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Thursday, August 04, 2005

BBC NEWS | Science/Nature | Shuttle crew see damage on Earth

BBC NEWS | Science/Nature | Shuttle crew see damage on Earth Shuttle crew see damage on Earth
Discovery Commander Eileen Collins described on Thursday how widespread environmental destruction on Earth is highly visible from the shuttle.

She warned people to take greater care of our planet and work towards protecting natural resources.

Her comments came as Nasa considered whether to send astronauts on an extra spacewalk to repair shuttle damage.

Discovery is currently linked with the International Space Station, orbiting 352km (220 miles) above the Earth.

"Sometimes you can see how there is erosion, and you can see how there is deforestation," Commander Collins said during a conversation from space with Japanese officials in Tokyo, including Prime Minister Junichiro Koizumi.

We know that we don't have much air - we need to protect what we have
Commander Eileen Collins
"It's very widespread in some parts of the world. We would like to see, from the astronauts' point of view, people take good care of the Earth and replace the resources that have been used."

"Thin as eggshell"

Commander Collins, who is making her fourth shuttle flight, said her view from space emphasised how Earth's atmosphere must be protected too.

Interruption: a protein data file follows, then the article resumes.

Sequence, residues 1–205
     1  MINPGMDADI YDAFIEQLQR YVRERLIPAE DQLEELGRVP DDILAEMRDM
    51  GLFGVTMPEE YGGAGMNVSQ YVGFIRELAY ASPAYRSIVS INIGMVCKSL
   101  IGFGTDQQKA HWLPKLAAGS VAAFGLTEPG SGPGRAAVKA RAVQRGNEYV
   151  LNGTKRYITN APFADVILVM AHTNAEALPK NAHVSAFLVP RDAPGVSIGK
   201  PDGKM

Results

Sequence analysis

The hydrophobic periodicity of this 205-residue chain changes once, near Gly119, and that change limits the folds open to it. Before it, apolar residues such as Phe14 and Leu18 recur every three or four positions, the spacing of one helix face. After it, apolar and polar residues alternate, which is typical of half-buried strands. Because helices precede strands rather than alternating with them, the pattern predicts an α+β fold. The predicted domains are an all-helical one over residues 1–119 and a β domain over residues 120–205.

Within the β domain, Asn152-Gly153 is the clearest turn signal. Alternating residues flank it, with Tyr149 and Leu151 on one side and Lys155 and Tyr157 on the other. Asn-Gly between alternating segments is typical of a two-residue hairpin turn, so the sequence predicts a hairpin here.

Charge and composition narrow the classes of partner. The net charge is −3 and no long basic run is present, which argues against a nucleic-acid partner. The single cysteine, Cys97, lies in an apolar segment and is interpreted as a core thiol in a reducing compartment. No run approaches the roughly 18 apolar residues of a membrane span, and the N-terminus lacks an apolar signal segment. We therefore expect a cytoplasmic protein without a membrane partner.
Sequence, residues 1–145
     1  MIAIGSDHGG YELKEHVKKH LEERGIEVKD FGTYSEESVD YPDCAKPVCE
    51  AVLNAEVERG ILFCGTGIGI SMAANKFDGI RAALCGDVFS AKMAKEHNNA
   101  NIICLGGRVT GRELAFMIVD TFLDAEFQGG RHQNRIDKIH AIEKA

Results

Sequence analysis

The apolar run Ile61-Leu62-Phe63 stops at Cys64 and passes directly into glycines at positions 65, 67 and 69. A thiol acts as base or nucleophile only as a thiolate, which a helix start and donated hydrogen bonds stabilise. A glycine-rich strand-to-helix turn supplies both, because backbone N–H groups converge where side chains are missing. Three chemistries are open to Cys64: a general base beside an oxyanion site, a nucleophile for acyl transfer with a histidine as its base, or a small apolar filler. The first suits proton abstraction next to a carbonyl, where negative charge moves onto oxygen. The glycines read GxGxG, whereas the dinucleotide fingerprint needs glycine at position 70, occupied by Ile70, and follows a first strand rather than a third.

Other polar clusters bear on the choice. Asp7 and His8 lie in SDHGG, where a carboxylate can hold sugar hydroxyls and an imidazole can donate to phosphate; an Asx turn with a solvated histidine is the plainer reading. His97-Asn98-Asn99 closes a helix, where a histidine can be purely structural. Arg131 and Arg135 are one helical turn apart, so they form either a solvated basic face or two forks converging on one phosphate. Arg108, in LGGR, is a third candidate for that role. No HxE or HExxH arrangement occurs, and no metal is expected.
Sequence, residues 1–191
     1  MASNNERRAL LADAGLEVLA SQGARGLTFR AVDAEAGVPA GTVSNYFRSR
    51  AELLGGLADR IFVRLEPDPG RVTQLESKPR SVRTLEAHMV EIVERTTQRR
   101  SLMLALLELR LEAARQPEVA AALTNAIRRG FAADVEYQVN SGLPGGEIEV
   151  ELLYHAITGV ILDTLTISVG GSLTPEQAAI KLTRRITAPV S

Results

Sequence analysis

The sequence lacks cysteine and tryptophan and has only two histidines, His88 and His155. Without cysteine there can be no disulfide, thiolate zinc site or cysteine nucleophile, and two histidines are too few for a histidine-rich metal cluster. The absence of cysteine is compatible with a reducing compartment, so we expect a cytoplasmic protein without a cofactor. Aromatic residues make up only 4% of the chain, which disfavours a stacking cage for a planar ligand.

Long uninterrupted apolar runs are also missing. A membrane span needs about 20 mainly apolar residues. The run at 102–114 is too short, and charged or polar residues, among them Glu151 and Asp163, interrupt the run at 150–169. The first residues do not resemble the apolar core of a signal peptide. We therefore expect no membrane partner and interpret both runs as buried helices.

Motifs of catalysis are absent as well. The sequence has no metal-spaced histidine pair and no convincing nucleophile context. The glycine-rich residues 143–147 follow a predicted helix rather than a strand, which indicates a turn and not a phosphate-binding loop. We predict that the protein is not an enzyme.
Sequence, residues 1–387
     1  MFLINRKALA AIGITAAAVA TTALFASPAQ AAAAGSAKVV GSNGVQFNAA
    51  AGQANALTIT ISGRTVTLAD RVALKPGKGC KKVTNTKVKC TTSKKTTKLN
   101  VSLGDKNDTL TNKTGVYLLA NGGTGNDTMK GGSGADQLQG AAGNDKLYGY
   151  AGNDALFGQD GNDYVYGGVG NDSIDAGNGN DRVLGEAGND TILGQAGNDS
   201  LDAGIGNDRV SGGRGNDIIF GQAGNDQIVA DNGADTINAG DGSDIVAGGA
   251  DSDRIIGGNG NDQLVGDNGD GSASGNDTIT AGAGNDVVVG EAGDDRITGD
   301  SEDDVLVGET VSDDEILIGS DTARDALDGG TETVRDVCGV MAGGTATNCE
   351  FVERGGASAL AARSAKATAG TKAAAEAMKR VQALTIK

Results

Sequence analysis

"The atmosphere almost looks like an eggshell on an egg, it's so very thin," she said. "We know that we don't have much air - we need to protect what we have."

While Commander Collins chatted from space, US space agency officials were busy trying to decide whether a rip in an insulation blanket that protects part of the shuttle surface could tear off and strike the spacecraft when Discovery re-enters the atmosphere, possibly causing damage.

Engineers have been working overnight in a wind tunnel in an attempt to replicate the conditions around Discovery to see if damage is likely.

Discovery is on the first Nasa shuttle mission since Columbia overheated and broke up on re-entry to the atmosphere in 2003.

Deputy shuttle program manager Wayne Hale said Nasa's concern stemmed from an abundance of caution since the Columbia disaster.

"I think in the old days we would not have worried about this so much," he told journalists. "We're just pounding this flat. We're not going to leave any stone unturned at this stage, to make sure the crew is safe during re-entry."

The agency is to decide later on Thursday whether to order a spacewalk to repair the blanket. The spacewalk would take place on Saturday, if needed.

Soichi Noguchi and Steve Robinson have already done three spacewalks, including one on Wednesday to remove loose cloth strips protruding from Discovery's belly.

Discovery and its crew of seven astronauts is due to return to Earth on 8 August.

Despite the latest tests the crew say they are not worried about their re-entry prospects.

"We are not too concerned about it, we think it's going to be fine," Commander Collins said.

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